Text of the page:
Start Date

4-12-2019 12:30 PM

End Date

4-12-2019 1:30 PM

Abstract

The term fictive kin is used to describe social ties that are based on neither blood ties, nor by marriage. Fictive kin are granted many of the same rights as family members and are expected to participate in the roles of the extended family. Research on fictive kin relationships often examines the African-American community and focuses on the effects of building strong social bonds outside the family. The constructive role fictive kin play in a person’s life suggests that these relationships serve as an important foundation in engaging in helping behavior. Helping behavior refers to actions intended to benefit another and is a characteristic of possessing a positive attributional style. Research suggests that development of attributional style originates in experiences of trust or lack of trust. This poster presentation will discuss how social support provided by fictive kin relationships can impact the development of one’s attributional style in a positive manner. Implications for identifying the benefits of fictive kin relationships will promote understanding and acceptance of these relationships in society.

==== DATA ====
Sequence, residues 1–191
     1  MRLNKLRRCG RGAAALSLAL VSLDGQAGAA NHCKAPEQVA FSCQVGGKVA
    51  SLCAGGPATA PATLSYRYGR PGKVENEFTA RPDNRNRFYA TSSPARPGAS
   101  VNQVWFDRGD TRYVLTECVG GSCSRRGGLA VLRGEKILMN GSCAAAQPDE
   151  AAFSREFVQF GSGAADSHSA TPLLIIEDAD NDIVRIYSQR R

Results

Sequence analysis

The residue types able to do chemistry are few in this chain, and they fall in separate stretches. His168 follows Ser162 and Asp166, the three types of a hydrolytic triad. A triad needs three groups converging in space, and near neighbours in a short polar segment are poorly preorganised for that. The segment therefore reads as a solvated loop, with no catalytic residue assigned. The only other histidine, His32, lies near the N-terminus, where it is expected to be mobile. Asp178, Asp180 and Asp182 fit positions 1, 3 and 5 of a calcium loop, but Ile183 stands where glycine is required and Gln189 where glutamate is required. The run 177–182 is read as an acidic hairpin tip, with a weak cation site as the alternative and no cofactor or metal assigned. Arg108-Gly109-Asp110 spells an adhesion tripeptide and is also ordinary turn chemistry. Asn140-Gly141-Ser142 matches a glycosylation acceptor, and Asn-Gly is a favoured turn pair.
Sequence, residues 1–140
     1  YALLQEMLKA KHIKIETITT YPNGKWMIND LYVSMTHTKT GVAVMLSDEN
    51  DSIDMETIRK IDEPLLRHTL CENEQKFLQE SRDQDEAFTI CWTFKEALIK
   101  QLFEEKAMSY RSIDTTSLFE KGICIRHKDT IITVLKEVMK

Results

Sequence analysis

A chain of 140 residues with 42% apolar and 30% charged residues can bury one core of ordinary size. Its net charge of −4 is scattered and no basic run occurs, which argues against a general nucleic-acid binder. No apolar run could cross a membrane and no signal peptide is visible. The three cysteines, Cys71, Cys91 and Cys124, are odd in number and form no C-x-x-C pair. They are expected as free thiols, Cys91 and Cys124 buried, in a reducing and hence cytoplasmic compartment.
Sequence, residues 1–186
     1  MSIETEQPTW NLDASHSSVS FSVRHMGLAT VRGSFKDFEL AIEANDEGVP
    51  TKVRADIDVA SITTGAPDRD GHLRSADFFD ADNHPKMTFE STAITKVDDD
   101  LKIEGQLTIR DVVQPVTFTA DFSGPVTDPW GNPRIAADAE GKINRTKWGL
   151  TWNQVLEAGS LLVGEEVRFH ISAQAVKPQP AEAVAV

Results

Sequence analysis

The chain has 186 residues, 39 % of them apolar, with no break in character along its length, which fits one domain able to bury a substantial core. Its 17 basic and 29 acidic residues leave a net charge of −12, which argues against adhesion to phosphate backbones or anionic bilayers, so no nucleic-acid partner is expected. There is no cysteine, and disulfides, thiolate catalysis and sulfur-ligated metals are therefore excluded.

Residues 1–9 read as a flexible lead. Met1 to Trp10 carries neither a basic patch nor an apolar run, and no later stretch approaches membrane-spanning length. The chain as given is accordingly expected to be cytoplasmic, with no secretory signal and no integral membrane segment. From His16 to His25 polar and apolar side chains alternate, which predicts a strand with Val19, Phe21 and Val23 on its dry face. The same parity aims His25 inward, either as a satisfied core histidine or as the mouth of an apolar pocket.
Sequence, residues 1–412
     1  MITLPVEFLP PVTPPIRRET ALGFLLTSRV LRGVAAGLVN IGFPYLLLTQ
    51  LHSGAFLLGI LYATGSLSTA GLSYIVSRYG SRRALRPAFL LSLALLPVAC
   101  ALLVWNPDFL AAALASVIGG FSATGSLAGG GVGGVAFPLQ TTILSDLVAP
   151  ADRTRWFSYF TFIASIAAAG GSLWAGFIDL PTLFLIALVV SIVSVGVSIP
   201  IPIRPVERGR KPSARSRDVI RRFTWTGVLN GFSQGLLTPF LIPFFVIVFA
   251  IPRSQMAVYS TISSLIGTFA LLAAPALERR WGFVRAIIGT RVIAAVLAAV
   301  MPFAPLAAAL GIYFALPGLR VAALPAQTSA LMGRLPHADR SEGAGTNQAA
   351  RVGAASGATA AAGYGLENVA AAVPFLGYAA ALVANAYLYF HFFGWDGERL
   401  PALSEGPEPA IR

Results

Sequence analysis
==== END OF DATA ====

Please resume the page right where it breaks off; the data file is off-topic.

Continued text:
Faculty / Staff Sponsor

Dr. Alli Cipra

Presentation File

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Apr 12th, 12:30 PM Apr 12th, 1:30 PM

The impact of fictive kin relationships on the development of attributional styles

The term fictive kin is used to describe social ties that are based on neither blood ties, nor by marriage. Fictive kin are granted many of the same rights as family members and are expected to participate in the roles of the extended family. Research on fictive kin relationships often examines the African-American community and focuses on the effects of building strong social bonds outside the family. The constructive role fictive kin play in a person’s life suggests that these relationships serve as an important foundation in engaging in helping behavior. Helping behavior refers to actions intended to benefit another and is a characteristic of possessing a positive attributional style. Research suggests that development of attributional style originates in experiences of trust or lack of trust. This poster presentation will discuss how social support provided by fictive kin relationships can impact the development of one’s attributional style in a positive manner. Implications for identifying the benefits of fictive kin relationships will promote understanding and acceptance of these relationships in society.